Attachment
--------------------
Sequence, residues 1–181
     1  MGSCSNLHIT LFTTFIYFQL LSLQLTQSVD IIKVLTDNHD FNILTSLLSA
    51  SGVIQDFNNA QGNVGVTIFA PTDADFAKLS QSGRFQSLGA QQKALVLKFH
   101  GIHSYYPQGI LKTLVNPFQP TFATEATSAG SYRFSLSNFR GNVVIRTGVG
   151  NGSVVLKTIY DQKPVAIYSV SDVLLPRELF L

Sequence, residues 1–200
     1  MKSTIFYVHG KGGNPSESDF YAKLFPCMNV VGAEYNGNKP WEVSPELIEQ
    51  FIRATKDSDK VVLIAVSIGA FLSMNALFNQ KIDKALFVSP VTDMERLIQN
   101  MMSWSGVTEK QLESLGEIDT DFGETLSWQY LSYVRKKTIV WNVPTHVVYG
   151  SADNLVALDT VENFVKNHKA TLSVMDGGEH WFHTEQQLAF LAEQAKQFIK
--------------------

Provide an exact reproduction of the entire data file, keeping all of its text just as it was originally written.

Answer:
Sequence, residues 1–181
     1  MGSCSNLHIT LFTTFIYFQL LSLQLTQSVD IIKVLTDNHD FNILTSLLSA
    51  SGVIQDFNNA QGNVGVTIFA PTDADFAKLS QSGRFQSLGA QQKALVLKFH
   101  GIHSYYPQGI LKTLVNPFQP TFATEATSAG SYRFSLSNFR GNVVIRTGVG
   151  NGSVVLKTIY DQKPVAIYSV SDVLLPRELF L

Sequence, residues 1–200
     1  MKSTIFYVHG KGGNPSESDF YAKLFPCMNV VGAEYNGNKP WEVSPELIEQ
    51  FIRATKDSDK VVLIAVSIGA FLSMNALFNQ KIDKALFVSP VTDMERLIQN
   101  MMSWSGVTEK QLESLGEIDT DFGETLSWQY LSYVRKKTIV WNVPTHVVYG
   151  SADNLVALDT VENFVKNHKA TLSVMDGGEH WFHTEQQLAF LAEQAKQFIK